On my last night in Montréal I crossed another goal off my bucket list. Dinner at Martin Picard's temple of sin, Au Pied de Cochon.
This restaurant is notoriously difficult to reserve. Rumour has it that they give preference to les Quebecois, but even so you have to phone weeks in advance and pray to god that someone returns your call. So on my last night I tried my luck at a solo walk-in 15 minutes after opening, fully expecting to be laughed out the door. But it worked! I was immediately seated at the rail and promptly ordered a cocktail. This was gonna be good.
The cooks were just finishing up their prep and readying themselves for the imminent onslaught of tickets as customers continued to pour in. This calm before chaos, as experienced in any busy restaurant, usually involves beer and dirty jokes. Cooks have a particular brand of dirty that usually goes over the heads of diners like you and I, but if you listen you might catch a nip of it. I certainly did, and one of them noticed this and promptly locked eyes with his frying pan for a solid ten minutes.
My server brought over a menu, which I briefly examined and was overwhelmed by the options. Blood pudding tart? Head cheese croquettes? Pickled tongue!? How is a girl to choose?! I am notoriously indecisive when it comes to pleasurable things.
So I just asked the kitchen to send me anything they wanted, as long as they were mindful that I was a tiny person and I had no one to share with. Nix the roasted pig's head, please! As lovely as that sounded, I fully intended to leave the restaurant alive at the end of the night.
At this point things were in full swing and the cooks were rocking it. I munched on house made bread and butter until the arrival of my first course, fresh and creamy sea urchin.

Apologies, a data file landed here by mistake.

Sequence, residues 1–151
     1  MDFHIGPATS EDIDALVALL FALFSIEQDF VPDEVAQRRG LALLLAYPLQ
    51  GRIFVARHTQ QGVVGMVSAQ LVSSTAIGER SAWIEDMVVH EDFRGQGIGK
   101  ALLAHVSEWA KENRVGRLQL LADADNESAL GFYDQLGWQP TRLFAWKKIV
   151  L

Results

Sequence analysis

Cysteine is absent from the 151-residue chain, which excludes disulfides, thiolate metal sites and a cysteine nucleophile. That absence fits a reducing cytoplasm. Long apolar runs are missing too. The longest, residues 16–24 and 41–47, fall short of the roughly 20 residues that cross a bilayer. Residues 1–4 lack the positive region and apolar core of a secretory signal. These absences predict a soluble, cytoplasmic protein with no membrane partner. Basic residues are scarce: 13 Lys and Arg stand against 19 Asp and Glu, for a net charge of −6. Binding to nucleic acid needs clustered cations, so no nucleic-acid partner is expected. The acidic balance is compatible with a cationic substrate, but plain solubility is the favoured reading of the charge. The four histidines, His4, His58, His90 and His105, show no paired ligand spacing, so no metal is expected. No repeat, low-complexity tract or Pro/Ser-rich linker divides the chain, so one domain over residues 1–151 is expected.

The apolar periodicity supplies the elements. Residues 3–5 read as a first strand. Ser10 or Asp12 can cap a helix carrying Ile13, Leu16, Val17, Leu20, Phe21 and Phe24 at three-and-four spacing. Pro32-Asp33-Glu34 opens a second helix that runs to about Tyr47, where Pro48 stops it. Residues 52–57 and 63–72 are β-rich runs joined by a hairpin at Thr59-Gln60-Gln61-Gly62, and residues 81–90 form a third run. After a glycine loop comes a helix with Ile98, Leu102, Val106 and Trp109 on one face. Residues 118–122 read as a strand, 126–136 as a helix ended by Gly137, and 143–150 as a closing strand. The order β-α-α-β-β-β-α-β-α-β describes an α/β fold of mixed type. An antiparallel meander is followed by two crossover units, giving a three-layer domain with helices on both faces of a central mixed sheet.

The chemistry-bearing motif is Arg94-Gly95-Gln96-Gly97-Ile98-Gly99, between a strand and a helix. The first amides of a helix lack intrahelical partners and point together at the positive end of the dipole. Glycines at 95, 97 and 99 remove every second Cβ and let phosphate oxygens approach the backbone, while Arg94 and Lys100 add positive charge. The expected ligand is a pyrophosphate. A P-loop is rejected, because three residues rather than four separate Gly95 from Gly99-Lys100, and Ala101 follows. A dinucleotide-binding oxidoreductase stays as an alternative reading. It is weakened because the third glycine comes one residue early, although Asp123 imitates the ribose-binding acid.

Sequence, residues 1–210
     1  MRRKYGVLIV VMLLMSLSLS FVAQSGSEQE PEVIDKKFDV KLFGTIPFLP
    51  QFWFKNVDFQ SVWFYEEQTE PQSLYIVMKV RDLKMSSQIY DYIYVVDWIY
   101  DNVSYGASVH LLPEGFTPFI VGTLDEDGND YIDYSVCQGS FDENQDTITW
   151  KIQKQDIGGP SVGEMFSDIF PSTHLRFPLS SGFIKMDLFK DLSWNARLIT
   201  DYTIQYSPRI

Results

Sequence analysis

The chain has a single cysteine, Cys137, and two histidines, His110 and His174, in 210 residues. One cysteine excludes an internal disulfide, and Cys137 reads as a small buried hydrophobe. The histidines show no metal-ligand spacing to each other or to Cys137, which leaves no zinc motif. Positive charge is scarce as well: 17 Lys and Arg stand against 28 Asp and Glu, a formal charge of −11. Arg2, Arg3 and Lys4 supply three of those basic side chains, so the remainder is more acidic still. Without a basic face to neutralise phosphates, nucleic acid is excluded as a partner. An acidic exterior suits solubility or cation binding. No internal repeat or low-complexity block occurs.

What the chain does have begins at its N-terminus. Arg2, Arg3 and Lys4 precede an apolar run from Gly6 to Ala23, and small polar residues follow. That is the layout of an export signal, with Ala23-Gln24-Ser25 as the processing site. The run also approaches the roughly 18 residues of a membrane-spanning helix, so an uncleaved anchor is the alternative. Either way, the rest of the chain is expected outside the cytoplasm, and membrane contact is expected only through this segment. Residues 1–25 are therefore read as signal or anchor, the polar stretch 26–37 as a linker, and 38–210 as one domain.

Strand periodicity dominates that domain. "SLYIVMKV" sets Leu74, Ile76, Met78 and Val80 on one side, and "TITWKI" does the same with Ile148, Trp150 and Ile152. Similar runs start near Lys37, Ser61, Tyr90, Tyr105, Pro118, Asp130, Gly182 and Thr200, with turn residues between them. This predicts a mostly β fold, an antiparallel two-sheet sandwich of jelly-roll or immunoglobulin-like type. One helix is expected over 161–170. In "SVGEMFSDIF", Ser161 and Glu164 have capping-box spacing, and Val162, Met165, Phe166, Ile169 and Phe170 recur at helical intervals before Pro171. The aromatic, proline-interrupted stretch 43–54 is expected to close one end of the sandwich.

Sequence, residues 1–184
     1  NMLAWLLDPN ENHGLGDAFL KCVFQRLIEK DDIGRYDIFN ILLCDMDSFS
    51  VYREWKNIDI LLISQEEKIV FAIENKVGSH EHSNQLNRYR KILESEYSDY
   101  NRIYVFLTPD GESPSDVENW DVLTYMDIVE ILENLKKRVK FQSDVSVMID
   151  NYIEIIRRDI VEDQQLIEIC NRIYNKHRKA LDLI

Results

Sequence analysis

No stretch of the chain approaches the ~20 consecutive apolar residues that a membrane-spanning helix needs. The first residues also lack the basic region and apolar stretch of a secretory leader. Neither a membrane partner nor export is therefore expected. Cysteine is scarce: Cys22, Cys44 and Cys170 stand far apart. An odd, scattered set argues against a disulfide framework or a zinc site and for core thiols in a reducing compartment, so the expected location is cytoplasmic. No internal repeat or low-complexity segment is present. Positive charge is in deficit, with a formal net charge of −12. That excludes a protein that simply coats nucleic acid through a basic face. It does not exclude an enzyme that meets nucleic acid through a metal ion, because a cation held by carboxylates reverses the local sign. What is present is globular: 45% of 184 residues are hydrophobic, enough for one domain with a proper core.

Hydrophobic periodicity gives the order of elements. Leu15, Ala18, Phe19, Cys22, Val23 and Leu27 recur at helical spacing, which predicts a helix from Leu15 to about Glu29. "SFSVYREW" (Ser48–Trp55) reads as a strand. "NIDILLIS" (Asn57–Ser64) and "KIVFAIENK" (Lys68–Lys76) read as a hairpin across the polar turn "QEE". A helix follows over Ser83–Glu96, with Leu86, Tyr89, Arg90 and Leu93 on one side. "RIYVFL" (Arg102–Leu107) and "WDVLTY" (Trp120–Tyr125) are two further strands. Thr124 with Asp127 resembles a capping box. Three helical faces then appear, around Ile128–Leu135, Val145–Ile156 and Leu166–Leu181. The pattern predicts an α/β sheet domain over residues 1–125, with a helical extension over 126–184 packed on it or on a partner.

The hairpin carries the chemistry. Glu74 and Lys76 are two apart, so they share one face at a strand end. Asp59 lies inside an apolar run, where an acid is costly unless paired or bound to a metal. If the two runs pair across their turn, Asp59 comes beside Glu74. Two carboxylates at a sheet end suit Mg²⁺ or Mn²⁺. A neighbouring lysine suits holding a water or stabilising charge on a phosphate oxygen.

The house was packed and the rail was hot. A lady next to me fanned herself with the menu as her husband pleaded with the server for a proper candlelit two-top as refuge from the heat. Meanwhile the cooks were pounding out orders and one nearly dropped a boiling pot of oil on his legs. The service versus the served. Moments like these are what drawing is all about.
A young suit, slightly inebriated, chatted up the Sous in an attempt to impress his girlfriend with some witty banter. Right in the middle of service. Meanwhile, I buried my face in a plate of duck carpaccio.
The room was on fire. I dug into my tongue dish with reckless abandon. Someone rang a cowbell from across the kitchen and the line pushed harder than ever.
Then they brought out the big guns. A gleefully perverse plate of seared foie and lardons perched atop a pillow of buckwheat pancake, potatoes and cheddar drenched in maple syrup. They called it Plogue a Champlain. If you could encapsulate what it means to be Canadian into a single dish, this would be it. And that's where I tapped out, entirely satisfied.